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Erekat: We will seek UN recognition soon

March 20, 2011 6:01 P.M. (Updated: March 22, 2011 9:26 A.M.)
RAMALLAH (AFP) -- The United Nations will be asked to recognize a Palestinian state with full membership of the world body, a Palestinian official said on Sunday.

The decision to go forward with the plan had been made by the Palestinian leadership and it is the "choice of president Mahmoud Abbas," resigned chief Palestinian negotiator Saeb Erakat told AFP.

However, Erakat said no date had been set for the move, which would request the world body recognize a Palestinian state within the 1967 borders and with East Jerusalem as its capital, saying only that it would happen "as soon as possible."

The decision to pursue the move comes a month after the United States vetoed a Security Council resolution that would have condemned continued Israeli settlement building on occupied Palestinian lands.

The resolution, drafted by the Palestinian leadership in an attempt to pressure Israel to halt settlement construction in the West Bank and East Jerusalem, was supported by the 14 other members of the Security Council.

The United States said its veto should not be interpreted as support for Israeli settlement construction, but that it did not believe the United Nations was the best place to resolve the decades-old Israeli-Palestinian conflict.

US-lead mediation efforts have been stalled since September.

Despite the last frustration, Erakat - who tendered his resignation to Abbas in early February over controversy from leaked negotiations documents - said he was confident this time the move would succeed.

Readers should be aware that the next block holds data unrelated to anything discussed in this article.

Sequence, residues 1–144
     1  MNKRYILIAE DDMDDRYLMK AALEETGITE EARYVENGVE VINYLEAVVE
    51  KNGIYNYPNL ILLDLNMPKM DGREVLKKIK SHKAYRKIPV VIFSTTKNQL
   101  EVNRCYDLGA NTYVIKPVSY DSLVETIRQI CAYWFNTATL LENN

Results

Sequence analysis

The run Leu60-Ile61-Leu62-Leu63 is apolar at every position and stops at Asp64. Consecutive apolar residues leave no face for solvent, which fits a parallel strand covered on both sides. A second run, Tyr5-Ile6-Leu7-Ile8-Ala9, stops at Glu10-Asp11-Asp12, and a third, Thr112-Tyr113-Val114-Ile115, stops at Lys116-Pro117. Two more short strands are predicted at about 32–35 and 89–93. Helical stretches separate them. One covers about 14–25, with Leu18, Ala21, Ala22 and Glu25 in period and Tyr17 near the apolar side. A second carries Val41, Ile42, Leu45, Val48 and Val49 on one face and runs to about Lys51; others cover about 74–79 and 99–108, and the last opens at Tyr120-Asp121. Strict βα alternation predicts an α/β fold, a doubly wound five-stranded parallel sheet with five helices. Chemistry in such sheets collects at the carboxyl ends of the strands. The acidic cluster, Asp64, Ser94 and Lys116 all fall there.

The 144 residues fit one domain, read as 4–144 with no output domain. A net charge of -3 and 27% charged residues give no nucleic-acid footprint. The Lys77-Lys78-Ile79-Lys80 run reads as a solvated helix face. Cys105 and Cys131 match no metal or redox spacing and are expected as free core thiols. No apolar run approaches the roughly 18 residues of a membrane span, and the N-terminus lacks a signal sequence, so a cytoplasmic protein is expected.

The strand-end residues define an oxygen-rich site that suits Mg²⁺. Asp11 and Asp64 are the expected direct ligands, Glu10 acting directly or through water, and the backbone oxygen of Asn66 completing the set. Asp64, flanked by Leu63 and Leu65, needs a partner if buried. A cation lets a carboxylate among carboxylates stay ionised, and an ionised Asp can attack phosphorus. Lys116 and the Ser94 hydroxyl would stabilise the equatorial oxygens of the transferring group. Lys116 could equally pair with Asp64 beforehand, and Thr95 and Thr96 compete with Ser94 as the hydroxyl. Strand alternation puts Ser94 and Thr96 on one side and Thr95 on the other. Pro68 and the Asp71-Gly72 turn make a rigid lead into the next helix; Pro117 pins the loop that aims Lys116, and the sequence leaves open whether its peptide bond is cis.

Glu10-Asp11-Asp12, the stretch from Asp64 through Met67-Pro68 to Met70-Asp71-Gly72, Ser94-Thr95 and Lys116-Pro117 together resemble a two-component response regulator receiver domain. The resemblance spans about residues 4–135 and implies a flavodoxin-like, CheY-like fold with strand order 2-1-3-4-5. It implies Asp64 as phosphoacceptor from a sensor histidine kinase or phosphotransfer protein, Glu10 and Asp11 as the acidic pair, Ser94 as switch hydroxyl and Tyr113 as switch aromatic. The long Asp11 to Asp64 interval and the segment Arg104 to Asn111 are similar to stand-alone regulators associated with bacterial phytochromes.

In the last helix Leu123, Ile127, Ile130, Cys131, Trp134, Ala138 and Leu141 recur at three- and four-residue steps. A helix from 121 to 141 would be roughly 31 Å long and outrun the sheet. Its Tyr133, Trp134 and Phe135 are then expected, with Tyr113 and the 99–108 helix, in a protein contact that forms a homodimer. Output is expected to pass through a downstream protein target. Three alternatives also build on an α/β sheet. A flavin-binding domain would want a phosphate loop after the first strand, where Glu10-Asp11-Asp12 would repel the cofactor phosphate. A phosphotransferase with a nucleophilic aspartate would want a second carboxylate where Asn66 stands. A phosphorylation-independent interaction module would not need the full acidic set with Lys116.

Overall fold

"The choice of Palestine applying for to the Security Council for a full membership is a realistic one that we must work on applying as soon as possible," he said.

Erakat said the Palestinians had no choice but to seek an alternative as negotiations with Israel were not going anywhere.

"We are convinced that negotiation with [Israeli Prime Minister Benjamin] Netanyahu's government is impossible because it refuses to stop settlement activities," he said.

"So the Palestinian leadership decided to start implementing alternatives to negotiations and the first of these is demanding recognition," he said.

The United States secured the relaunch of direct talks between Israel and the Palestinians in September 2009, after a hiatus of nearly two years.

But the negotiations ground to a halt just weeks later, with the expiry of an Israeli moratorium on settlement building in the West Bank.

The Palestinians insist they will not negotiate while Israel builds on land they want for a future state.
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